“To say that there’s not concerns moving forward, with more cuts potentially looming, would be dishonest.”
Using low-cost interventions
At George Washington High, principal Kathy Murphy says that keeping students engaged requires tight internal management and whatever low-cost interventions a school leader can muster.
Murphy attributes the school’s graduation rate in part to the fact that the student population is only 58 percent low-income, and the school is located far from the city’s most troubled neighborhoods, near the Bucks County border. But Washington also has a sizeable special education population (17 percent), more English language learners than many neighborhood high schools, and a large student body (almost 2,000 students) that creates challenges of its own.
On top of that, there is no evening school or credit recovery. There are limited interventions for behavioral health issues, and the school no longer has social workers or truancy officers.
Still, Murphy, who’s retiring in June after 30 years in the District, including seven at Washington, manages to keep most students on track because “everybody knows the rules. Everything has a system.”
Murphy’s “homemade” systems include strict rules for class attendance such as detention for tardiness and two “informal” classroom observations each year for all teachers. Roster adjustments help keep struggling students in classes they can pass. Bus attendants walk special education students to their classrooms to ensure no one gets sidetracked. Working students can arrange for early dismissal and earn academic credits for working. Seniors mentor incoming freshmen and work as tutors.
All these initiatives share a common attribute: They’re cheap.
“When we had our stimulus money, we had more teachers and lower class sizes, especially in the 9th grade,” she said.
“That was the thing that made the biggest difference academically and behaviorally. It’s proven, and yet we’re doing all these other things.”
Setting goals, expanding options
At Ben Franklin High, where the four-year graduation rate hovers just above 50 percent, the challenges are significant. Its student population is 90 percent low income, and 22 percent are in special education. A steady stream of homeless students comes from a nearby shelter.
Now in his first year at the school, principal Greg Hailey inherited some support from outside partners such as the Philadelphia Education Fund. He’s trying to continue his predecessor’s policy of setting goals with all incoming students and targeting those at risk of dropping out. If he can, he’ll steer students into special support programs, like one he has for pregnant or parenting teens.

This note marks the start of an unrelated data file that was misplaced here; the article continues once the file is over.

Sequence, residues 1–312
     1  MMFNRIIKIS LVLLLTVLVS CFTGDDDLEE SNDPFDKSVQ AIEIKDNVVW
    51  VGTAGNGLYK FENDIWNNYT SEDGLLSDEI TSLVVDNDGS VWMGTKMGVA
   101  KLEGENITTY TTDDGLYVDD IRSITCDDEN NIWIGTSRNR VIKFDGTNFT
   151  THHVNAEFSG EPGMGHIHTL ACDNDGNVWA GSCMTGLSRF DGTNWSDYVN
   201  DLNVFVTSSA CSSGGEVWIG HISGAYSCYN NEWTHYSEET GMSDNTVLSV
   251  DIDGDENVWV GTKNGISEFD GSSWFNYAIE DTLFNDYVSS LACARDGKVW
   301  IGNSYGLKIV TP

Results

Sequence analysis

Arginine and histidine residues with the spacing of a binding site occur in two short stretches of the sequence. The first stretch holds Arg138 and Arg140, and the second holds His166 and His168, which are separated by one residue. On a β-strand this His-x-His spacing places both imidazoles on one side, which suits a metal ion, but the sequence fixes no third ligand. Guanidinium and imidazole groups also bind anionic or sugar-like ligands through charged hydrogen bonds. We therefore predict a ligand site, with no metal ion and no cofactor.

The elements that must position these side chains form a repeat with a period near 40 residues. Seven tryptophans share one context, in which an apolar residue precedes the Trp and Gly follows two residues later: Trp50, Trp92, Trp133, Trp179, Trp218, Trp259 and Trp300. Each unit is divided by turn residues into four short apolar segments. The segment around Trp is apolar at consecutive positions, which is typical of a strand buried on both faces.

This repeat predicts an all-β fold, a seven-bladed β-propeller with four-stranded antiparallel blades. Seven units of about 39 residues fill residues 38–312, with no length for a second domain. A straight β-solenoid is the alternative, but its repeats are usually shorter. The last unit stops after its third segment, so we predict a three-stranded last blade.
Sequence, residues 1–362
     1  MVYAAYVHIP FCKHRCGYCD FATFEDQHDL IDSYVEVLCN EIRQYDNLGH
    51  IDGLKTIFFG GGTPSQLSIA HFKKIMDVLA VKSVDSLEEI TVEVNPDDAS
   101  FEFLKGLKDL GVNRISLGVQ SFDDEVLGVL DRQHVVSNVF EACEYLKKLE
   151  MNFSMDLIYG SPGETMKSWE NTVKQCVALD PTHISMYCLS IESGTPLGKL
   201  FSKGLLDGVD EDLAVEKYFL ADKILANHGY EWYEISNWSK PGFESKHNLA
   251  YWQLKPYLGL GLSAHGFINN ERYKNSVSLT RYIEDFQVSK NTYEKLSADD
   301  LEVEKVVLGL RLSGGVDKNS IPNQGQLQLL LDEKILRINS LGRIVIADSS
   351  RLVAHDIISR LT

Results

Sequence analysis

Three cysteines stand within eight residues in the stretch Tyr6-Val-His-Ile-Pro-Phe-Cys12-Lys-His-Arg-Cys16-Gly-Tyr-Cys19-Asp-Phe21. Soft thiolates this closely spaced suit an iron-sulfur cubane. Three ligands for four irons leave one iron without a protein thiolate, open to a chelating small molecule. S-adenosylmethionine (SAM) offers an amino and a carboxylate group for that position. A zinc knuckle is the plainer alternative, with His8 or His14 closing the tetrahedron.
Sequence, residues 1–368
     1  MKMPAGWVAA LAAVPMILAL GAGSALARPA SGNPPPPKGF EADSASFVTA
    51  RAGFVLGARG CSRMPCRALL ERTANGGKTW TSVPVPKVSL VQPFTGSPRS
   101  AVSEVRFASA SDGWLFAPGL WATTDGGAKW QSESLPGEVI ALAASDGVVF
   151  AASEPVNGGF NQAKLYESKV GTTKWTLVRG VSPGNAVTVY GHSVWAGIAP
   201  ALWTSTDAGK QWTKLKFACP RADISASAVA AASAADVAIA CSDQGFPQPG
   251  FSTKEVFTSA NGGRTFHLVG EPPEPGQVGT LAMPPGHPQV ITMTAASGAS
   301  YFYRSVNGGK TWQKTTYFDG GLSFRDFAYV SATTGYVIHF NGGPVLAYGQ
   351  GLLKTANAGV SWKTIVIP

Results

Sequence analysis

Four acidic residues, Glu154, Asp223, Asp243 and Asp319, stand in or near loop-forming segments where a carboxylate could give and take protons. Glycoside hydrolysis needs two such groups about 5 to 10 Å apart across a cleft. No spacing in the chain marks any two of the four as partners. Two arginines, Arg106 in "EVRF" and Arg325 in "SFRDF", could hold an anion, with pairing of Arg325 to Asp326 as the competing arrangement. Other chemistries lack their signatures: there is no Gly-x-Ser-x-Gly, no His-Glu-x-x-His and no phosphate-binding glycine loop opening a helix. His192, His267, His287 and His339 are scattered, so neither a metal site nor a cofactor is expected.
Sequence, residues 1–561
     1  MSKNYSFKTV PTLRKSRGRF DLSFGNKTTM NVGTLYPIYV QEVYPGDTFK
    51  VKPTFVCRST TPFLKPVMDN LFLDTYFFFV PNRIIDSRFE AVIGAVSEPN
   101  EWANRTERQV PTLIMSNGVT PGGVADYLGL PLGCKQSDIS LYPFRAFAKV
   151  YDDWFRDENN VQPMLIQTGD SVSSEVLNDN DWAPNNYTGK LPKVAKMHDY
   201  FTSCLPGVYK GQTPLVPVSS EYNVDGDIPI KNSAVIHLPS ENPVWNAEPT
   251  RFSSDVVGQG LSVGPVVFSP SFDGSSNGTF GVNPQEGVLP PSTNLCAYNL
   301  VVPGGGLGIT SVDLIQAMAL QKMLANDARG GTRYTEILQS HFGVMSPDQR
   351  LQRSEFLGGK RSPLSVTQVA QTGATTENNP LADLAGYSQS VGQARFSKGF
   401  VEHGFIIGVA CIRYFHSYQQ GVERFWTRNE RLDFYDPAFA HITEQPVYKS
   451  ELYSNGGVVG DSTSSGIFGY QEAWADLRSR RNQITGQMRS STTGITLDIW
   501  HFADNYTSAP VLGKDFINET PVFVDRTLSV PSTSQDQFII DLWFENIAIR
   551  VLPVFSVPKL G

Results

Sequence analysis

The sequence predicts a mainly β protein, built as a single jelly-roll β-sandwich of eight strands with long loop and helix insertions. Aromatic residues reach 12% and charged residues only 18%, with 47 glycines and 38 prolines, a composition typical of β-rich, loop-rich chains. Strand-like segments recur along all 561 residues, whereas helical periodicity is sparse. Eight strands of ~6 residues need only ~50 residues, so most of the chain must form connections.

But he also identifies the best school options for students, and sometimes that’s not a comprehensive high school.
“If they’re over-age and under-credited, [sometimes] we send them to the re-engagement center where maybe there’s an accelerated program they can get into – so they’re not running in place, getting frustrated,” Hailey said.
To improve Ben Franklin’s engagement rates for those who remain, Hailey said that a key is to continue expanding academic options. He’s planning to revive a culinary arts program. He also has high hopes for an “advanced manufacturing” program to be done in partnership with the Community College of Philadelphia.
“Next year is going to be introductory,” he said. “But when we fully roll it out, I think you will see more kids wanting to come.”
Recognizing impact of change
At Germantown High, now slated for closure, principal Margaret Mullen-Bavwidinsi had programs and support systems meant to keep students on track, some supported by a multi-million-dollar Department of Labor grant. But she said those advantages were undermined by constant change.
In each of the last four years, Mullen-Bavwidinsi said a lot of Germantown’s staff was “removed, laid off, or left.” One year, over half the staff departed due to the school’s transition to a Promise Academy. During that span, Germantown’s four-year graduation rate was only 47 percent.
“That [turnover] makes a difference,” Mullen-Bavwidinsi said.
“Students and staff don’t know who their leaders are, what the programs are, or what the systems are. You can’t expect students to do their best when they don’t know who’s in charge of the house.”
And no matter how well a high school is prepared for its students, not all students are prepared for high school. For instance, weak reading skills are a perennial issue.
“But things happen in high school that you have to handle, so those high schools have to meet those kids where they are,” researcher Shaw said.
“Even if we were to fully fund high-quality early childhood education, it would take 15 years to see the results. And we can’t afford to wait.”